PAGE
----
Statue’s Head, Body Reunited After Generations

The head and body of a seventh-century Khmer statue were at last reunited on Thursday in Phnom Penh after an international agreement was brokered that allowed the head to be brought home to Cambodia from Paris, where it had spent the last 126 years.

After over a decade of negotiations that involved France’s Ministry of Culture and Cambodia’s Council of Ministers, the head was formally set on the body during a ceremony at the National Museum, where the complete statue will now reside.

A restoration team sets the head of a seventh-century Harihara statue on its body on Thursday during a ceremony at the National Museum in Phnom Penh. The two parts of the statue were reunited for the first time in centuries after a French museum agreed to permanently loan the head to Cambodia. (Siv Channa/The Cambodia Daily)
A restoration team sets the head of a seventh-century Harihara statue on its body on Thursday during a ceremony at the National Museum in Phnom Penh. The two parts of the statue were reunited for the first time in centuries after a French museum agreed to permanently loan the head to Cambodia. (Siv Channa/The Cambodia Daily)

“Making this happen will have taken years,” museum director Kong Vireak said at the event.

The pre-Angkorian statue depicts Harihara, a combined representation of two Hindu deities, Vishnu and Shiva. Its disembodied head was found in the early 1880s by French official Etienne Aymonier at Phnom Da mountain in Takeo province, according to Pierre Baptiste, curator of the Southeast Asian collection at the Musee Guimet in Paris.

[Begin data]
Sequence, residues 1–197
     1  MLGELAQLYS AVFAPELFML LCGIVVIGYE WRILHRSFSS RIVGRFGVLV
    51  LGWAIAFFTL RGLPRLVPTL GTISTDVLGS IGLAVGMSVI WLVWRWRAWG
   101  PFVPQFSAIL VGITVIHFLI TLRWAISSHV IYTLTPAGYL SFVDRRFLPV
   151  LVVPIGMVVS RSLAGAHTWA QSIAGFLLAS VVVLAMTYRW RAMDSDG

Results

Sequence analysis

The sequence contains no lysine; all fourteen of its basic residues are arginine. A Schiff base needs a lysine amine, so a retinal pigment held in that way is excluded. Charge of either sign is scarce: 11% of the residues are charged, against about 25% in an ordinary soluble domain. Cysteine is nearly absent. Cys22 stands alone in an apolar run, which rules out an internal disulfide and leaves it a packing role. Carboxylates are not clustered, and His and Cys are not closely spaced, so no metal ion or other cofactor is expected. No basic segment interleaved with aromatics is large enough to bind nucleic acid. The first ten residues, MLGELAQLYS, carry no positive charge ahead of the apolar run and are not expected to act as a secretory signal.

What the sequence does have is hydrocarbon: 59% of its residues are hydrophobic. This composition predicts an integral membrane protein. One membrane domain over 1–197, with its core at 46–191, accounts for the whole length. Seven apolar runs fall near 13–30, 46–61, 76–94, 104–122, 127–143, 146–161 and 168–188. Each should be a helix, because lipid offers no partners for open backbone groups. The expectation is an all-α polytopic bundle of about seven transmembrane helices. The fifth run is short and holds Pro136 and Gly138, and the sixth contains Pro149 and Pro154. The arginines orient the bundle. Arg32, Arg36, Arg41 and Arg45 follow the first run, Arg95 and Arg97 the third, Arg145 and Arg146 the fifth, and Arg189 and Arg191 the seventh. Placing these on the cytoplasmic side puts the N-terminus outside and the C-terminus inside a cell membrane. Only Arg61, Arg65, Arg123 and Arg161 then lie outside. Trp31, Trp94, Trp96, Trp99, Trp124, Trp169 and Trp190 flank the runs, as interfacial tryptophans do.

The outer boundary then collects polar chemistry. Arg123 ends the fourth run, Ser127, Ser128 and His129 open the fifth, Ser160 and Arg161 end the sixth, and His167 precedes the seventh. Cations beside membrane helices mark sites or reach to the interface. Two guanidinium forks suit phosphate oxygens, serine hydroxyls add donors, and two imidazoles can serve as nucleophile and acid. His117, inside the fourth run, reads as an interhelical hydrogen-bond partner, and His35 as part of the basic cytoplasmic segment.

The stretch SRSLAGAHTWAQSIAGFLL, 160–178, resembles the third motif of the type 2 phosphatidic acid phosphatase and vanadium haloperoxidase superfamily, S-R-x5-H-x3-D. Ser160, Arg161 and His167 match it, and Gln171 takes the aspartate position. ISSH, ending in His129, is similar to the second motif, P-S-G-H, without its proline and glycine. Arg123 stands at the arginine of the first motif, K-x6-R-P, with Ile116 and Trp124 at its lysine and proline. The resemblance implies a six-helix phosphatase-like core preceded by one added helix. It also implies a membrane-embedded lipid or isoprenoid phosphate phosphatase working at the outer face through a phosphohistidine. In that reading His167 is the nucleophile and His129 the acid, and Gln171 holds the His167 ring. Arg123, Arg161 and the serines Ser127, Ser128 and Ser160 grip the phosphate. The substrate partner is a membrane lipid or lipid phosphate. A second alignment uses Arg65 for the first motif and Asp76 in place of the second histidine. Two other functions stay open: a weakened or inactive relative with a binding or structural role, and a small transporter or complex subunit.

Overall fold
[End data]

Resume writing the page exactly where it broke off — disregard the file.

“This head was among the artifacts that were sent to France—with King Norodom’s authorization—to show the importance of Khmer art, and from 1889 on, it was exhibited at the Musee Guimet,” he said.

During the 20th century, excavations at Phnom Da unearthed numerous statues plus a headless torso broken into several pieces, Mr. Baptiste said. They were brought to the National Museum, where they pieced it together, never knowing for certain if the head in France was the match.

Restoration staff prepare to place the head of the Harihara statue atop its body at the National Museum in Phnom Penh on Thursday. (Siv Channa/The Cambodia Daily )
Restoration staff prepare to place the head of the Harihara statue atop its body at the National Museum in Phnom Penh on Thursday. (Siv Channa/The Cambodia Daily )

“It’s only recently that we were able to make a cast of the upper part of the statue in Phnom Penh and bring it to France to check whether our head actually matched that body,” he said.

Once the match was confirmed, the diplomatic process began—the Musee Guimet agreed to permanently loan the Harihara’s head to the National Museum, while Cambodia offered a permanent loan of the pedestal of a 10th-century Cambodian statue that is in the French museum’s collection.

And so Harihara’s head and body were at last joined together.

“It was a perfect fit,” said Chea Socheat, the museum’s deputy director of conservation, who sealed the pieces together.

[email protected]

© 2016, The Cambodia Daily. All rights reserved. No part of this article may be reproduced in print, electronically, broadcast, rewritten or redistributed without written permission.